Most cases of this common cancer can easily be prevented.

Most cases of this common cancer can easily be prevented. Skin cancer is the most common form of cancer in the United States. Most cases of melanoma, the deadliest type of skin cancer, are caused by exposure to ultraviolet (UV) light from the sun, tanning beds, or sunlamps. UV rays are a form of invisible radiation that can penetrate skin and change skin cells.
Prevalence: According to the American Cancer Society (ACS), 76,690 Americans — roughly 60 percent of them men — were diagnosed with melanomas of the skin in 2013. Another 5,880 were diagnosed with what are known as non-epithelial skin cancers, such as sarcomas. The ACS reports that nearly 12,000 Americans die each year from melanomas and non-epithelial skin cancers. These figures do not include basal cell and squamous cell carcinomas, two other common forms of skin (explained below).
Types of Skin Cancer: There are several types of skin cancer.

Melanoma: A melanoma is a cancerous growth that most frequently develops in the skin. This type of growth can also form in any part of the body that contains melanocyte cells, including the digestive tract, eyes, lymph nodes, and meninges (membranes lining the brain and spinal cord). Basal cell carcinoma (BCC): BCC is the most commonly diagnosed skin cancer. It can develop on regions of the body that receive regular sun exposure, including the face and hands. Fortunately, BCC rarely spreads and is usually treatable, due to its slow growth rate. A common form of BCC is nodular basal cell carcinoma. In nodular BCC, lesions typically appear brown, black, or blue in color.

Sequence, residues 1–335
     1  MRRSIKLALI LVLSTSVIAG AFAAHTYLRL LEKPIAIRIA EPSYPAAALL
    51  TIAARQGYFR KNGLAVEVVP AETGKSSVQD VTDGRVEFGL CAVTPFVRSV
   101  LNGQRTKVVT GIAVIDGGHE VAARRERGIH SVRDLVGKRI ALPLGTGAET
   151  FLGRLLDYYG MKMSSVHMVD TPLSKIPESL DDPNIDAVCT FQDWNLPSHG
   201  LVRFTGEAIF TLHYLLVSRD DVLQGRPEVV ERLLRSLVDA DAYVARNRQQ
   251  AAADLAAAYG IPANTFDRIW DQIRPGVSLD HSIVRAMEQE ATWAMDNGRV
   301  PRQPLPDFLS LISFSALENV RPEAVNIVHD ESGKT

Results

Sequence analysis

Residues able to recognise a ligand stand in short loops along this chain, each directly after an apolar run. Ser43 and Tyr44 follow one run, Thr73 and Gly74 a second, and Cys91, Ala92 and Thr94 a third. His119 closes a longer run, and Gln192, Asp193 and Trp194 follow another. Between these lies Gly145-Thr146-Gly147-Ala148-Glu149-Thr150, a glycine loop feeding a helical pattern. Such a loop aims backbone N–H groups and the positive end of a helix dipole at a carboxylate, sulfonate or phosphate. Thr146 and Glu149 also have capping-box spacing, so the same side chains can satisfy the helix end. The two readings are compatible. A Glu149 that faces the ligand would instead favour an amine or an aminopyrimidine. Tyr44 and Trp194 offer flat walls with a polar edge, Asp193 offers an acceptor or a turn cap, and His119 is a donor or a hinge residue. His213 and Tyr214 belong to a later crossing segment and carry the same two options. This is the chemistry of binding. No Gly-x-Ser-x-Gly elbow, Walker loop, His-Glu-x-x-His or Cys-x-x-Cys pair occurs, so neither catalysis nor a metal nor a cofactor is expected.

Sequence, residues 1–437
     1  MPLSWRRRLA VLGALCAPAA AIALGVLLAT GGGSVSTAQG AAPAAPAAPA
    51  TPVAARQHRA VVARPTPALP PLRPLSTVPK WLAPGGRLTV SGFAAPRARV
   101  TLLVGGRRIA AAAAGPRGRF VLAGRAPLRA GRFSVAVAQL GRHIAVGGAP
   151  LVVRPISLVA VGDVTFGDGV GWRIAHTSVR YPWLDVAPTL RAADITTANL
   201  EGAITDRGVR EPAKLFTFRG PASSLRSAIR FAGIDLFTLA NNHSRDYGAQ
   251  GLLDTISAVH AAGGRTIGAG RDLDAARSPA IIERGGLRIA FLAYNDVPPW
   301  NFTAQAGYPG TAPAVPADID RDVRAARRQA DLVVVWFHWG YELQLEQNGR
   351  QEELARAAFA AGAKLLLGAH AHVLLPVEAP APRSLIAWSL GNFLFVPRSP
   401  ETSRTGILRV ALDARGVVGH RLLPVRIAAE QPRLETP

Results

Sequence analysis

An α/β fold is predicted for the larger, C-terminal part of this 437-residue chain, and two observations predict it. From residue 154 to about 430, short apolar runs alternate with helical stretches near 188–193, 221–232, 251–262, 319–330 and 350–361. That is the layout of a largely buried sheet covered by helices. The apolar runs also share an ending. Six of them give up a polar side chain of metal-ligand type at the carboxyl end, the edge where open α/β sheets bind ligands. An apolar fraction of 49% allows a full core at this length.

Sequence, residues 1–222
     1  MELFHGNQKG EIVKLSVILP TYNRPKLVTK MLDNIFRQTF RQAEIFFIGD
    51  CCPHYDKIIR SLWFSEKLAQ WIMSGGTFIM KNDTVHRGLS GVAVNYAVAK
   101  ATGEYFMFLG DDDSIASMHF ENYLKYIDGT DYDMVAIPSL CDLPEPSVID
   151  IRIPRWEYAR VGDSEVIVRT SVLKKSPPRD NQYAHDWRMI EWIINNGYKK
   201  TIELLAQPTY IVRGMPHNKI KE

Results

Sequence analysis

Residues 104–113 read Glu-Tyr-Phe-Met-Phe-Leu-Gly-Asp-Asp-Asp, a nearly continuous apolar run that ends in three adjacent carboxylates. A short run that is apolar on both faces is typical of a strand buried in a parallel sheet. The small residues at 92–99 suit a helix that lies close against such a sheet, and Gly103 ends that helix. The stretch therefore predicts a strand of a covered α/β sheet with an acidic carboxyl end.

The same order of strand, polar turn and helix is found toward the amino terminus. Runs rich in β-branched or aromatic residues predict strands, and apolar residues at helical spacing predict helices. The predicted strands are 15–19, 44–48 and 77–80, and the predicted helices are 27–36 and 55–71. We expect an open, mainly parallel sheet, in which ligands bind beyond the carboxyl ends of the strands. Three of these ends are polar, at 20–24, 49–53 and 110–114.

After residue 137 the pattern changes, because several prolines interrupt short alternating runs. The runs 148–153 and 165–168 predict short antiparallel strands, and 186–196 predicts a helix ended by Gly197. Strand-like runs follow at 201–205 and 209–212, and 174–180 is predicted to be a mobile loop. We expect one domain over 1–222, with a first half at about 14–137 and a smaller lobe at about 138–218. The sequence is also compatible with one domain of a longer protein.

Squamous cell carcinoma (SCC): SCC appears on body parts that have experienced higher levels of sun exposure, including the face, lips, and back. Lesions can appear rough, scaly, lumpy, or flat, and they may bleed easily. SCC is more likely to spread than BCC. Merkel cell carcinoma (MCC): MCC, also known as neuroendocrine carcinoma, is a rare type of skin cancer. Lesions can be flesh-colored or bluish-red, and they can develop on your face, head, or neck.

Kaposi sarcoma (KS): KS lesions can grow under the skin; in the lining of the mouth, nose, and throat; or in other body organs. In recent years, they have been associated with HIV/AIDS, but there are other causes of KS, including other infections. KS lesions typically appear red or purple in color and are made of both cancer cells and blood cells. They may be painful.

Epidermoid cysts: Sometimes called sebaceous cysts (although they are actually different), epidermoid cysts are noncancerous. They appear as small bumps beneath the skin, most often on the face, neck, and torso. Sebaceous cysts are less common. They arise from sebaceous glands, which secrete oily matter that lubricates your hair and skin.
Risk Factors: Risk factors vary for different types of skin cancer. However, any of the following can increase your risk of developing skin cancer:

> Lighter natural skin color
> Family or personal history of skin cancer
> Excessive sun exposure
> Indoor tanning
> A history of sunburns, particularly early in life
> Skin that burns, freckles, or reddens easily, or becomes painful in the sun
> Blue or green eyes
> Blond or red hair
Certain types of moles If you are the type of person who always burns and never tans when in the sun, or if you burn easily, you are at increased risk for skin cancer. Contrary to popular belief, a tan does not indicate good health. It’s a sign of injury to skin cells by UV rays; the cells respond to this injury by producing more pigment.

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